Day 22 of our Lenten Journey through Dr. King’s “Beyond Vietnam.”
This is the message of the great Buddhist leaders of Vietnam. Recently one of them wrote these words, and I quote:
Each day the war goes on the hatred increased in the hearts of the Vietnamese and in the hearts of those of humanitarian instinct. The Americans are forcing even their friends into becoming their enemies. It is curious that the Americans, who calculate so carefully on the possibilities of military victory, do not realize that in the process they are incurring deep psychological and political defeat. The image of America will never again be the image of revolution, freedom, and democracy, but the image of violence and militarism.
If we continue, there will be no doubt in my mind and in the mind of the world that we have no honorable intentions in Vietnam. If we do not stop our war against the people of Vietnam immediately, the world will be left with no other alternative than to see this as some horrible, clumsy, and deadly game we have decided to play. The world now demands a maturity of America that we may not be able to achieve. It demands that we admit we have been wrong from the beginning of our adventure in Vietnam, that we have been detrimental to the life of the Vietnamese people. The situation is one in which we must be ready to turn sharply from our present ways. In order to atone for our sins and errors in Vietnam, we should take the initiative in bringing a halt to this tragic war.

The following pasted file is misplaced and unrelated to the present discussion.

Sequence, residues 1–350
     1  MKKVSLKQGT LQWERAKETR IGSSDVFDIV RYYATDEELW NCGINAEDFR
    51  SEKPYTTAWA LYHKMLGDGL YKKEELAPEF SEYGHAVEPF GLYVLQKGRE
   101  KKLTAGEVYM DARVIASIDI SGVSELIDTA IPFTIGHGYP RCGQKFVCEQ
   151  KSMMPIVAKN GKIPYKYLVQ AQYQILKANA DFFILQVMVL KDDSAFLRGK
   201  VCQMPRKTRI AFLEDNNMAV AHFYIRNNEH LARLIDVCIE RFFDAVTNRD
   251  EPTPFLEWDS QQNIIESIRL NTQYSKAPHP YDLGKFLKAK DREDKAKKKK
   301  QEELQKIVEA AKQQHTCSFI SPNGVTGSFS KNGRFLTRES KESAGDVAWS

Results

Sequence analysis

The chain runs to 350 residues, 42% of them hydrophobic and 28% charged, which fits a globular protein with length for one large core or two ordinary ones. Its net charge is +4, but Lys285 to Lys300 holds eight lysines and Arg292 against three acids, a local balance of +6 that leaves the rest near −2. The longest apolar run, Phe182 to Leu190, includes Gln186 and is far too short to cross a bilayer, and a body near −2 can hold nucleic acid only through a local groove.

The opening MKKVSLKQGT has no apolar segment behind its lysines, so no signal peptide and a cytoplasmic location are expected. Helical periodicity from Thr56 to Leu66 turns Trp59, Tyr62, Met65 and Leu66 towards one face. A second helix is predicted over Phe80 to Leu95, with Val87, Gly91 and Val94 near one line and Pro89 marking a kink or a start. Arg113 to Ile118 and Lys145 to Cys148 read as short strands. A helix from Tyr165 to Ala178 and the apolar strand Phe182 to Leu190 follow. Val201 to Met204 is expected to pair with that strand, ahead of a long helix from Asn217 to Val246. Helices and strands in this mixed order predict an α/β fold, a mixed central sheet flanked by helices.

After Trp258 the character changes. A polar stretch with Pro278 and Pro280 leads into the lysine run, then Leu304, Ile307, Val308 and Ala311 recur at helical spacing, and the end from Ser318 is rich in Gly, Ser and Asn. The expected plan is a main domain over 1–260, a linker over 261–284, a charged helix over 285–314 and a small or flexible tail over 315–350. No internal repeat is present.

“Slippery Words and Concealed Souls” by Joyce Hollyday (photo above), founding co-pastor at Circle of Mercy in Asheville, NC
…With speech smoother than butter,
but with a heart set on war;
with words that were softer than oil,
but in fact were drawn swords.
The year was 1983, and I was on a bus with a group of U.S. peacemakers, bumping over a rutted road from the tiny, isolated village of Jalapa, Nicaragua, toward Managua. Bursts of mortar fire erupted from the trees. A young mother riding with us held up her infant son. “Take him,” she pleaded in Spanish as tears streamed down her cheeks. “Take him to a place where there is no war.” Continue reading
By Joyce Hollyday. January 29, 2017,
Circle of Mercy, Asheville, NC
Micah 6:8; Matthew 5:1-12
On the night of January 19th, the eve of the inauguration, several of us from Circle of Mercy’s immigration mission group gathered at the home that Bill and I share. We kept a vigil in the tradition of the Watch Night Service.
Watch Night is typically traced back to New Year’s Eve of 1862, when enslaved communities stayed up all night waiting for the Emancipation Proclamation to take effect on January 1st. When I was collecting oral histories among African-American UCC churches during my time as an associate conference minister, I was told that the custom is actually much older—that enslaved families stayed up every New Year’s Eve, because January 1st was when masters decided whom they would sell off. Families facing the imminent threat of separation spent all night singing and praying and hoping that they would be together for another year. Continue reading